By Julie Holmquist, author of A Call to Love: Preparing Your Heart and Soul for Adoption. Julie is a book editor at Focus on the Family. She and her husband, Jeff, expanded their family of four to six through adoption.
It’s common for prospective adoptive parents to ask themselves, “Will we be able to love a child we adopt?” When a couple poses that question, they’re usually wondering if they will feel an instant emotional bond or connection with their new child.
Yes, some parents may feel a bond with their new child in a short amount of time. Some stories in this book have described women who felt an instant bond to a child they adopted with their husbands. And no, many parents don’t feel an instant bond with the child they adopt, no matter the child’s age.
If you aren’t feeling emotionally connected to the child you’ve adopted, know that this isn’t unusual. It’s not your fault; you are not a “bad” parent. It often takes time to develop feelings of love.
You may need to love a child who may seem like a stranger, or even worse, a very unpleasant stranger who treats you in a nasty way or screams for an hour straight. Don’t give up. Love the child with your actions, knowing that for a time you may need to love selflessly without receiving much in return.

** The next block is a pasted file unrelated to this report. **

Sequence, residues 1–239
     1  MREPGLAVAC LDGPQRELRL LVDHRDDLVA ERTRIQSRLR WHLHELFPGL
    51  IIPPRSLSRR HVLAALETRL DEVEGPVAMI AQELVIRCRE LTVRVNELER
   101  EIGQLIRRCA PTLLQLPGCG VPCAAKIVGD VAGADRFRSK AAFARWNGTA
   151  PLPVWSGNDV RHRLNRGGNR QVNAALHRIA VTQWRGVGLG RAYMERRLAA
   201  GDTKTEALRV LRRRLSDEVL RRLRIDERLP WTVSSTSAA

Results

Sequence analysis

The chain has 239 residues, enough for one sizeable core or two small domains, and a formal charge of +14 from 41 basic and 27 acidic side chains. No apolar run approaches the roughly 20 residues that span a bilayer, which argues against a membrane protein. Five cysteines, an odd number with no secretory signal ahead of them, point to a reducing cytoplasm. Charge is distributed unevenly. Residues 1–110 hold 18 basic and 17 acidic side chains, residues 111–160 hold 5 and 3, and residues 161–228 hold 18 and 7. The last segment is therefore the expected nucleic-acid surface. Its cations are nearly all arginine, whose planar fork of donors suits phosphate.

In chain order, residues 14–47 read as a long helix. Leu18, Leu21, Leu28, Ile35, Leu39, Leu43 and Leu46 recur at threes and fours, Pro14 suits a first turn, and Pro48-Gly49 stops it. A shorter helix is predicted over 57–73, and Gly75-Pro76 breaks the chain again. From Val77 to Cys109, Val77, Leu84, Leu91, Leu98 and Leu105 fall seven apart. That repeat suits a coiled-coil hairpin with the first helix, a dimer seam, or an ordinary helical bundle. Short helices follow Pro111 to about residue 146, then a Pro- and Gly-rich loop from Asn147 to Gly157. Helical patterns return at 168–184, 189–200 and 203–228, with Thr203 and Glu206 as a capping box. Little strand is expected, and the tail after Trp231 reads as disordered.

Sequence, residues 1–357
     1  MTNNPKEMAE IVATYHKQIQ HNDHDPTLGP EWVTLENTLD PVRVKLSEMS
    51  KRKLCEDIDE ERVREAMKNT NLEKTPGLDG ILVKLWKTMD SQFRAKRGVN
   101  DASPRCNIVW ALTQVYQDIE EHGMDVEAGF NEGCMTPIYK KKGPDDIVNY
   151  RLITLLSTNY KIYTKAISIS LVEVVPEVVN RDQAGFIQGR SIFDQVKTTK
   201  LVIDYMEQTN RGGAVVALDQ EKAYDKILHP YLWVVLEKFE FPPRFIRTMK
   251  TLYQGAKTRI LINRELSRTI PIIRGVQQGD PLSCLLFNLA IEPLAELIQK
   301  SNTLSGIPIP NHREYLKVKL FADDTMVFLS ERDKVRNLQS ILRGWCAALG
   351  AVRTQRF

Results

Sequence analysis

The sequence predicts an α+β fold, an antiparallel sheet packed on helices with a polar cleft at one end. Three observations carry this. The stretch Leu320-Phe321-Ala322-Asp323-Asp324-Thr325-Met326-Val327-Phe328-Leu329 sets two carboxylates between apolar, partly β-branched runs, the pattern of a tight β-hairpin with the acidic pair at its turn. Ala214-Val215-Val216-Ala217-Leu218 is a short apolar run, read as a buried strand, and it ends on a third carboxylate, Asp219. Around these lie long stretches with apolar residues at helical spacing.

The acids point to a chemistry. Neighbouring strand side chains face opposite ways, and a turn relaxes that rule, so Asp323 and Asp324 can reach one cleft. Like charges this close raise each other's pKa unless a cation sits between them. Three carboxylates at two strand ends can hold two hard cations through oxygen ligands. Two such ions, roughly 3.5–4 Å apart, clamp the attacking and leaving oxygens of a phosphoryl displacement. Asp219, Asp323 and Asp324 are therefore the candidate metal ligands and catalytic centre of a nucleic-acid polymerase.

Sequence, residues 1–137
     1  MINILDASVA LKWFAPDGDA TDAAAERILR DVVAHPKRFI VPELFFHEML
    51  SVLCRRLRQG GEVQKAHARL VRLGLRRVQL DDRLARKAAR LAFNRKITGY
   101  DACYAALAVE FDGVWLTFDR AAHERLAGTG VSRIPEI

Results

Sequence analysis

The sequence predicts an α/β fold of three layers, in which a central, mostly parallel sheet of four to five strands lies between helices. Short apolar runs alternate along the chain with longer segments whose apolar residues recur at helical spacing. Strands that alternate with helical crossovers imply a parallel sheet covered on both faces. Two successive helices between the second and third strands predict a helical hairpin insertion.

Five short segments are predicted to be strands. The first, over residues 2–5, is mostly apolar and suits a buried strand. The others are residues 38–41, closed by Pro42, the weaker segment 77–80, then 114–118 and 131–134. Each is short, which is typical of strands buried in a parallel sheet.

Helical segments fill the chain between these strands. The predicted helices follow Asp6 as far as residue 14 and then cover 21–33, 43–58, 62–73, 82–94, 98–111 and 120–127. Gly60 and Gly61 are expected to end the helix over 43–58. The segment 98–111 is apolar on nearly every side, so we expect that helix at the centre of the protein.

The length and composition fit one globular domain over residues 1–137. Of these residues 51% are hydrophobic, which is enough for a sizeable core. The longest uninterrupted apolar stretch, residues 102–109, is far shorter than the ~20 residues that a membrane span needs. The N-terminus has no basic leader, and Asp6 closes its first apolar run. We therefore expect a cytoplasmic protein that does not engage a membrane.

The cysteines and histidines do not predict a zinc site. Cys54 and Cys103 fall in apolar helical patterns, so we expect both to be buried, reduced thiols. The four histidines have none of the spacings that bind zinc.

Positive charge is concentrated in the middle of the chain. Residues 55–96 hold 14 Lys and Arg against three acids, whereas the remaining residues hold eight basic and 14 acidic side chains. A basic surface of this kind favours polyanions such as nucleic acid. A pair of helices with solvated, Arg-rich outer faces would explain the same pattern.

Doing your best to love like Jesus will go a long way toward helping your new child, but children who have been wounded will need more than your love. They will need your patient endurance and understanding, your knowledge of trauma-informed parenting, your humbleness, and your willingness to find additional support and do what’s necessary to help them heal.
In a Focus on the Family interview, adoptive father John Goyer said he realized that caring for a child from the foster-care system would be more difficult than what he and his wife, Tricia, had experienced as they raised their biological children.
“But I still wasn’t ready for what came. . . . It’s not enough just to say, ‘I love you and I’m here for you,’” he explained. “It takes a lot of therapy. It took a lot of time. And really it took a lot of . . . patience, working through the baggage that’s in their [lives].
“[Now] . . . I have a new appreciation for my Heavenly Father. When [my child] was having a screaming rage and I had to hold [her] in my arms, that would sometimes go on for an hour. And the whole time I’m just softly telling her, ‘We can’t act like this; this isn’t appropriate; but I still love you and you’re still my forever little girl.’
“As I would tell her that, I could hear the Heavenly Father speaking to me, ’cause I’m not perfect and I’ve made lots of mistakes. And He’d say, ‘There’s consequences for your actions, but I still love you, and you’re My forever son.’”
If you expect to form an instant bond with your child, you may be disappointed. Don’t be. Just begin to be Jesus with skin on, and as you do, ask God to pour some of His infinite love into your heart so it can flow out to your son or daughter. God’s love never disappoints!
Want to read more about preparing your heart and soul for adoption? Read this excerpt from A Call to Love, a resource of Focus on the Family.
Taken from A Call to Love: Preparing Your Heart and Soul for Adoption by Julie Holmquist. Copyright © 2018. Used by permission of Focus on the Family. All rights reserved. Represented by Tyndale House Publishers, Inc.